HAMILTON, ROBERT (1743–1829), Scottish economist and mathematician, was born at Pilrig, Edinburgh, on the 11th of June 1743. His grandfather, William Hamilton, principal of Edinburgh University, had been a professor of divinity. Having completed his education at the university of Edinburgh, where he was distinguished in mathematics, Robert was induced to enter a banking-house in order to acquire a practical knowledge of business, but his ambition was really academic. In 1769 he gave up business pursuits and accepted the rectorship of Perth academy. In 1779 he was presented to the chair of natural philosophy at Aberdeen University. For many years, however, by private arrangement with his colleague Professor Copland, Hamilton taught the class of mathematics. In 1817 he was presented to the latter chair.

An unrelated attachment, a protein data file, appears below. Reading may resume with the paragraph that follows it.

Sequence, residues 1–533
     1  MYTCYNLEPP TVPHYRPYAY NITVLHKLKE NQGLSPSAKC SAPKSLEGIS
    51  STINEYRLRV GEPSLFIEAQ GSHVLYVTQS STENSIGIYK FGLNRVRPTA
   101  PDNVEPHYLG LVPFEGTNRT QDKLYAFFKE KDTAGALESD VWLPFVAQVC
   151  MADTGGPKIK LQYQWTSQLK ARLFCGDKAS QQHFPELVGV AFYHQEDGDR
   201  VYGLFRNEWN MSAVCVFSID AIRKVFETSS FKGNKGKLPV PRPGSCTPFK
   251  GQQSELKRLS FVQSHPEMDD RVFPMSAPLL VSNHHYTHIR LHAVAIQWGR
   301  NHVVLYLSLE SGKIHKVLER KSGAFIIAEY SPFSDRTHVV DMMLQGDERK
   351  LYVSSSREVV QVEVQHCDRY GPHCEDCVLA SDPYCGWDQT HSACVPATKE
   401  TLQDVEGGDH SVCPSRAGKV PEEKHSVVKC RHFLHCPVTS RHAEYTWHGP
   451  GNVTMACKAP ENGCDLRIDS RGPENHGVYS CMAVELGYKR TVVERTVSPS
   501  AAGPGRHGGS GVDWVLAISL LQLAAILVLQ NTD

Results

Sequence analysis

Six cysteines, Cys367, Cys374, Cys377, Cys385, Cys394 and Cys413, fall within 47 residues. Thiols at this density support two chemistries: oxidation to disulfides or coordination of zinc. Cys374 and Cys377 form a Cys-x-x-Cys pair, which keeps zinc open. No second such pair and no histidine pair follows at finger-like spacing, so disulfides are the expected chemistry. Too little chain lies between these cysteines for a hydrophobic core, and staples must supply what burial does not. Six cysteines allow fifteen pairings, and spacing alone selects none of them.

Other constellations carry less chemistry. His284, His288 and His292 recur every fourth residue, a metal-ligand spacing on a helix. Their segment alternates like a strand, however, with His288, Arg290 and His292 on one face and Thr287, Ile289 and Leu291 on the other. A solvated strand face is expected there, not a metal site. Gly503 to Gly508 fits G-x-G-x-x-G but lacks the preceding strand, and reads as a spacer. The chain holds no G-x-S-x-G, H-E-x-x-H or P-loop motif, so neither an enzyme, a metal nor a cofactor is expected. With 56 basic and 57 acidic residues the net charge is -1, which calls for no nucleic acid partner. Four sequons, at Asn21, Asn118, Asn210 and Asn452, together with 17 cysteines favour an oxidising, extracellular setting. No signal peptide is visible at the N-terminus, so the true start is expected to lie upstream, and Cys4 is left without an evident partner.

Hamilton’s most important work is the Essay on the National Debt, which appeared in 1813 and was undoubtedly the first to expose the economic fallacies involved in Pitt’s policy of a sinking fund. It is still of value. A posthumous volume published in 1830, The Progress of Society, is also of great ability, and is a very effective treatment of economical principles by tracing their natural origin and position in the development of social life. Some minor works of a practical character (Introduction to Merchandise, 1777; Essay on War and Peace, 1790) are now forgotten.